then joined the rest of the force. The enemy were in full retreat, pursued by our cavalry and infantry, the latter firing
as long as their light-footed foes were within range. The 92nd had suffered much from the great heat, and were glad to
quench their thirst under the shade of an enormous banyan tree. Afterwards they encamped at Bahra, where, on the 20th,
General Michel congratulated the troops on " the signal success of yesterday near Sindwaho, when an army of 10,000
men was defeated with the loss of all their guns." "Lieut.-Colonel Lockhart's ability in handling his brigade elicits his
warmest approbation, nor can he refrain from expressing his admiration of the infantry, whose zeal and gallantry made
them forget entirely distance, heat, and fatigue, when an enemy was in front."

On October 21st and 22nd the pursuit was continued. At 1 a.m. on the 23rd the infantry left Lullutpore, followed an hour
later by the cavalry, and reached Maltawa, a distance of thirty miles; in the afternoon; on the 24th to Dugorial, whence
the General, wishing to surprise the rebels, marched at 2 a.m. on the 25th, and at dawn discovered their army, unconscious
of the British approach, crossing his front near Koraie; the cavalry, whose horses, had suffered from fatigue more than
the infantry, had been given an hour's extra rest, and they had just come up when the infantry under Lockhart, having cut
the enemy's line of march, had dispersed them. The cavalry pursued, while the infantry followed, clearing the villages for
five miles. About 350 rebels were killed, and numbers threw down their arms. The 92nd was
commanded by Captain
.  In his dispatch to the Commander-in Chief, Major-General Michel says: "The infantry, by 1 o'clock p.m. on the
25th, had traversed sixty-two miles in sixty hours, the last twelve of which was over broken ground, skirmishing with the
enemy. I solicit to bring this fact prominently to his lordship's notice, as a proof of the excellent spirit and devotion of
the troops." During these long marches they forded several rivers, but moonlight and good roads made the men tramp along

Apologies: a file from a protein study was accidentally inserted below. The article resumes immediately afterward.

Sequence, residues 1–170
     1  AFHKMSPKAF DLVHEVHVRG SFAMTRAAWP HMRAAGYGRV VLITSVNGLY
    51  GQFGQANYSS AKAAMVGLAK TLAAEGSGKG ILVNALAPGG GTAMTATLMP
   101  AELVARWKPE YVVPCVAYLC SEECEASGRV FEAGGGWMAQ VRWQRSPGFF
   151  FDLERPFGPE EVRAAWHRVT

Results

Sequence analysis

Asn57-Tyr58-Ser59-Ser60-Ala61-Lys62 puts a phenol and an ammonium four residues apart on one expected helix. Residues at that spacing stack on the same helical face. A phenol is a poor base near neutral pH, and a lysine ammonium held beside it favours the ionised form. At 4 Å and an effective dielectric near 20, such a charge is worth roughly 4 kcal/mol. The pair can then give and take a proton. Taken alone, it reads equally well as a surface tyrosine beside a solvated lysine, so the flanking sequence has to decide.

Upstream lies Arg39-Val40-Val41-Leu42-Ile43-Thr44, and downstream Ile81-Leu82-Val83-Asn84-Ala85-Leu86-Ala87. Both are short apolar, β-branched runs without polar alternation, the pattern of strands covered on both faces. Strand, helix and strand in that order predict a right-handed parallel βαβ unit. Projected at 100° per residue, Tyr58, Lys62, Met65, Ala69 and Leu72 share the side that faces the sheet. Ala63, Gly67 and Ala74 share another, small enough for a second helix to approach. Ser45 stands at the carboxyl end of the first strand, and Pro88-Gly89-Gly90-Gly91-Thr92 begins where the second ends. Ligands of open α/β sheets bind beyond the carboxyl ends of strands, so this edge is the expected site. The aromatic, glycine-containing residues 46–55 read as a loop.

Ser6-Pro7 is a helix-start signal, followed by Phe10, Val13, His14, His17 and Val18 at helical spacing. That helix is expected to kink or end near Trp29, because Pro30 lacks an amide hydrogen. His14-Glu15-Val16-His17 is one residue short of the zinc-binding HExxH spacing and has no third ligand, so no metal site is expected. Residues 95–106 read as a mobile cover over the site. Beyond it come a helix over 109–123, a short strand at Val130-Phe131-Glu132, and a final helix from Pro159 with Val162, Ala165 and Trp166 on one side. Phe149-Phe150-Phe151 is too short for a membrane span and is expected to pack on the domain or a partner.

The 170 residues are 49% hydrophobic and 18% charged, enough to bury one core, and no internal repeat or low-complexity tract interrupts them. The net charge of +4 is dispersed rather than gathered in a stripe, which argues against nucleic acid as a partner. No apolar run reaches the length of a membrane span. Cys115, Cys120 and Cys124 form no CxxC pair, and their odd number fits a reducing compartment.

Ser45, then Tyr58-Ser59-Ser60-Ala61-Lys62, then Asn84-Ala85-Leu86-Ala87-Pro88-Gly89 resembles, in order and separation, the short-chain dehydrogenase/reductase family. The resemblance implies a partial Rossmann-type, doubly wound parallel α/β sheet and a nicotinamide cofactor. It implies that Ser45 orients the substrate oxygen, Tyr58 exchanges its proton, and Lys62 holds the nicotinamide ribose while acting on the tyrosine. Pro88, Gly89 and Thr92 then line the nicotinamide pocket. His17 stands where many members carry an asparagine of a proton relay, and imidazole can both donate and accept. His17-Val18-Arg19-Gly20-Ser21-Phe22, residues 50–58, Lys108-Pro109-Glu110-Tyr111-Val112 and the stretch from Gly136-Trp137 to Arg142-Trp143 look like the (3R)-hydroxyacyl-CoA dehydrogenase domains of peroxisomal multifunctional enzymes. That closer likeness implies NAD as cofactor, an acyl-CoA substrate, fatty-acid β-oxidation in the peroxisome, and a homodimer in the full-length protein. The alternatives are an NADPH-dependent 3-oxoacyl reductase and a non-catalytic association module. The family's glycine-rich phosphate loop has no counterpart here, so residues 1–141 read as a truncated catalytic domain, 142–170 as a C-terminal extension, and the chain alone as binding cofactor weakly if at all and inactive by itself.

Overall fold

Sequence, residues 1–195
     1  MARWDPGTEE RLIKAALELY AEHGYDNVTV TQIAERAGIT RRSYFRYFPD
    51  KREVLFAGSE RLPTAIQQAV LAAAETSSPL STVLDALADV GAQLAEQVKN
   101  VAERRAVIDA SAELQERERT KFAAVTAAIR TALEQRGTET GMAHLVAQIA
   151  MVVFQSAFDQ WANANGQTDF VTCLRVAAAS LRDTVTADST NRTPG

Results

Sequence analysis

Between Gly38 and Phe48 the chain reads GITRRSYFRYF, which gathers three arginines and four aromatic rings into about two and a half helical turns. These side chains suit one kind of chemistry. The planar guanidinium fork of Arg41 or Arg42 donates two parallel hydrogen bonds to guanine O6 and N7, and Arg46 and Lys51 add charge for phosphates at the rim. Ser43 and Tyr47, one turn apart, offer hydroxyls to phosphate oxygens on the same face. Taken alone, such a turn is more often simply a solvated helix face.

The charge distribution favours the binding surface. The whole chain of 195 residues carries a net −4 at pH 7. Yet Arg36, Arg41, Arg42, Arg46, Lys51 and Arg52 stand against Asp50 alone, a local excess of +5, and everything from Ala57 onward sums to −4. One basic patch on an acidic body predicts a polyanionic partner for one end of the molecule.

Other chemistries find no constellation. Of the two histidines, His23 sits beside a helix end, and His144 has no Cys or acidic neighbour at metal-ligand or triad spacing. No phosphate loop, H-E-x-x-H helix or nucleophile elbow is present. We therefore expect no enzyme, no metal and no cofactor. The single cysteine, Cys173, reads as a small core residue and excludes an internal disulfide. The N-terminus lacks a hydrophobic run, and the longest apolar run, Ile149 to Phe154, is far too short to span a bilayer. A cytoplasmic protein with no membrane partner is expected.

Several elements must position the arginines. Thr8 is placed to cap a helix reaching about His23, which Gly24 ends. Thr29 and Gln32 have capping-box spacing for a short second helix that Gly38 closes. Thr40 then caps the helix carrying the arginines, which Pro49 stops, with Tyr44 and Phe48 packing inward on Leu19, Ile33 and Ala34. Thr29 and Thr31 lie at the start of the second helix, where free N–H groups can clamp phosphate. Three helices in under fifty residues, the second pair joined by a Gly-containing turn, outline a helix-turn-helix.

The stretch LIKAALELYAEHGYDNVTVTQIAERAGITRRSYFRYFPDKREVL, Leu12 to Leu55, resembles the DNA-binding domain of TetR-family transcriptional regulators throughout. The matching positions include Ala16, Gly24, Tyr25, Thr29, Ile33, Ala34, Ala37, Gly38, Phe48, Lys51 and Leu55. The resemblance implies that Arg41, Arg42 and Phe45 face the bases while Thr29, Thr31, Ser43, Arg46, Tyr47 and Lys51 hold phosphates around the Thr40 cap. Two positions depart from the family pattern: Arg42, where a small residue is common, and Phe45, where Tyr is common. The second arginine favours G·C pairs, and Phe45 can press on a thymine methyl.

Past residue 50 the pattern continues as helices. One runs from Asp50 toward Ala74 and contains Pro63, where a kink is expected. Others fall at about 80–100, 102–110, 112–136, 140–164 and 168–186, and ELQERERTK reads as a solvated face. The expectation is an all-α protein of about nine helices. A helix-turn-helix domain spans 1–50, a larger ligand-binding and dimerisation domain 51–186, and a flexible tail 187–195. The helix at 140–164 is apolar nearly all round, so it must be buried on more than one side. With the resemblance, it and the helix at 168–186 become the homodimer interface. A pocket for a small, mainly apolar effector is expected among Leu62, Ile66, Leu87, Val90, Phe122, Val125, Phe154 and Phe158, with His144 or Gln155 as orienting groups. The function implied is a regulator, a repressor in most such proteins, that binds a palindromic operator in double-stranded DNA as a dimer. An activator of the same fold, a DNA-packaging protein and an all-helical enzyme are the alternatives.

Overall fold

cheerily to the sound of the pipes or marching songs, though when the sun was up they welcomed the mid-day halt, dinner,
and grog. Latterly the road was rough and bad, and the soldiers stumbled along, stiff, thirsty, and tired.

The regiment arrived at Bhilsa on the 2nd November, where a much-needed supply of stockings and shoes was received.
While here one of the men was so affected by bad news in a letter from his family in Scotland that he shot himself, the
sad event casting a gloom over his comrades. From the 9th to the 15th they rested at Goolgong, in a shady camp by a lake
where they could bathe at all hours; then to Bhopal, where the Ranee gave a grand entertainment to the officers, and sent
sweetmeats to all the men. At the durbar held by the Ranee was a guard of honour of the 92nd Grenadiers. She remarked
to Colonel Lockhart that if she had such handsome men in her country, they would not have been allowed to leave it. Here
also, among other strange birds and beasts, they saw a white elephant. This part of the country being quiet, they marched
on the 23rd to Sehore, where in the woods were many apes and peacocks, which latter made an agreeable addition to the
soldiers' fare.

Tantia Topee had meanwhile crossed the Nerbudda, but had been repulsed at Candeish. Major Sutherland, with a small
column, including 100 of the 92nd, crossed the Nerbudda, and was joined at Jeelwana by 50 of the 92nd and 50 of the
71st, mounted on camels. On the 24th, Major Sutherland, having ascertained  that Tantia Topee was on the road to Rajpore,
pushed forward the Highlanders on camels, but so rapidly were they followed by those on foot (both Europeans and
natives), that they overtook the riders in time to advance with them direct on the strong position which the rebels had